The ozone loss increases from the vortex edge to the vortex center (Figure 11) while the minimum temperatures on the temperature history (TH-F and TH-B) decreases (Figure 14). Furthermore, a stepwise structure at 0.2 rPV is seen both in the ozone change rate and in the temperature history. In the vortex core region (0.1 and 0.2 rPV belts), where the ozone loss is large, the minimum temperature on TH-B drops near Tice and that on TH-F drops well below TNAT. This means that the large ozone loss is observed in the deep part of the vortex when the double-sounded air parcels undergo a temperature below TNAT between two matching soundings and experienced a temperature near Tice in the past 10 days. In the middle part of the vortex (0.4 and 0.6 rPV belts), the minimum temperature on TH-B is just below TNAT and never reaches Tice, and that on TH-F is near TNAT. On the contrary, the less ozone loss is derived near the vortex edge (0.8 and 1.0 rPV belts), in which the air parcels experience the minimum temperature near or slightly above TNAT on TH-B and above TNAT on TH-F. We can also see differences between the interior of the vortex and the vortex boundary region in terms of the maximum temperature: the maximum temperature is always below TSAT on both TH-F and TH-B from 0.1 to 0.6 rPV belts, while near the vortex edge the maximum temperature is well below TSAT on TH-F but near or above TSAT on TH-B.
 The lower minimum temperature and the higher maximum temperature on TH-B than those on TH-F may result from the geographical differences in the route of their trajectories and the differences in the duration for their trajectories. Figures 15a and 15b show the forward trajectories between locations 1 and 2 (associated with TH-F) and the 10-day backward trajectories from location 1 (associated with TH-B), respectively, on the 475 K surface during February. The top, middle, and bottom panels show the trajectories for the double-sounded air parcels that are obtained in the vortex core region, in the middle part of the vortex, and in the vortex boundary region, respectively. For the double-sounded air parcels near the vortex core region and in the middle part of the vortex, a large number of backward trajectories pass through near the center of the vortex, the lowest temperature region, whereas the forward trajectories do not cross the vortex core region so often with some exceptions. This may be a possible reason for the lower minimum temperature on TH-B than on TH-F. One of the causes for the difference of the trajectory routes is that the backward trajectory can pass anywhere, whereas the forward trajectory must end with the location 2 which is located at almost the same latitude as the location 1. Thus, the trajectory crossing the center of the vortex between the two matching soundings may be rare because the prevailing wind is zonal.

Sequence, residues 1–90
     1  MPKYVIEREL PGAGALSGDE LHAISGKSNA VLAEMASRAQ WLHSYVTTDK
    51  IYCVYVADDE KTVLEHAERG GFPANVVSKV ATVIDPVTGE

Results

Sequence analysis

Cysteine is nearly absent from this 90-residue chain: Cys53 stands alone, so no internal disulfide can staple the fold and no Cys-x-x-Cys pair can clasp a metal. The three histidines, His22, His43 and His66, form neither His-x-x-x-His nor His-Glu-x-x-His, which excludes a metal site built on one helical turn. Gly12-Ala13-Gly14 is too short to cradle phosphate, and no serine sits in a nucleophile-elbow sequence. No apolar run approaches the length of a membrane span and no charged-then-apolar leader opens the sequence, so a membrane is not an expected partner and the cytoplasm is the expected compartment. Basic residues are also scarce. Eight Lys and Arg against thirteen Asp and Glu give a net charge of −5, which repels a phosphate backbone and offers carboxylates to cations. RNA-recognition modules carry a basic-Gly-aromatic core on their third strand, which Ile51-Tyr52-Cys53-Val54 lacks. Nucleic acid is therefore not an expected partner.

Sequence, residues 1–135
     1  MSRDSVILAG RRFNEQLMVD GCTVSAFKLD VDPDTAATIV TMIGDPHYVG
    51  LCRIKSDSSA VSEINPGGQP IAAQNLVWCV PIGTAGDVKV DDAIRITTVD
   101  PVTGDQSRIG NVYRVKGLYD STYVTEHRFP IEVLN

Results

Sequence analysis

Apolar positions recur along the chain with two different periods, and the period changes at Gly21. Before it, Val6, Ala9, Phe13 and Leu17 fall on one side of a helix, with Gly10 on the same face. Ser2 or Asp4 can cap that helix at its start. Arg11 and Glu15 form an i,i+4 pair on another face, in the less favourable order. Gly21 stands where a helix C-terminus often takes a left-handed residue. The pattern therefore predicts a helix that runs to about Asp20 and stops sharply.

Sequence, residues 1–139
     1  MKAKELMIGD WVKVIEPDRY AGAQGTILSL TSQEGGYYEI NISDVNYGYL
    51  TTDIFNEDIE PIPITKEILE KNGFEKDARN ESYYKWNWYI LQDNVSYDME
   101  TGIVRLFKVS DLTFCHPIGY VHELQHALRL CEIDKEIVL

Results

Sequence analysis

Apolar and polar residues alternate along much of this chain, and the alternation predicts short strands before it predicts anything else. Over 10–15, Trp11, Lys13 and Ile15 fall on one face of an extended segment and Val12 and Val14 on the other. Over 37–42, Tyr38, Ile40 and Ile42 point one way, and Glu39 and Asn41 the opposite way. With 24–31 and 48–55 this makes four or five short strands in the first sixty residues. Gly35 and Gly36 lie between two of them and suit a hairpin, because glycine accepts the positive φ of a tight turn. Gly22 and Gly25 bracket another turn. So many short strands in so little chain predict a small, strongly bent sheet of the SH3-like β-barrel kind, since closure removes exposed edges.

Another possible reason for the lower minimum temperatures experienced on TH-B than those on TH-F may be that the 10-day backward trajectory is always longer than the forward trajectory between the two matching observations. On the average the duration time of the trajectory between matches (TH-F) is about 3 days in this case. A possibility that the trajectory travels over either a lower temperature region or a higher temperature region increases with its duration time. The longer duration time of TH-B could also cause the higher maximum temperature on TH-B than on TH-F. In fact, the 10-day backward trajectories pass even over the lower latitude region, which is a higher temperature region, in contrast to the forward trajectories. Figure 15 also suggests that the trajectories between the matching pairs (TH-F) may not provide a reasonable “geographical” coverage of the entire vortex and hence a poor sampling of cold temperatures, although they may give a reasonable sampling of rPV values.
5.1. Sensitivity of Ozone Change Rate to Analysis Parameters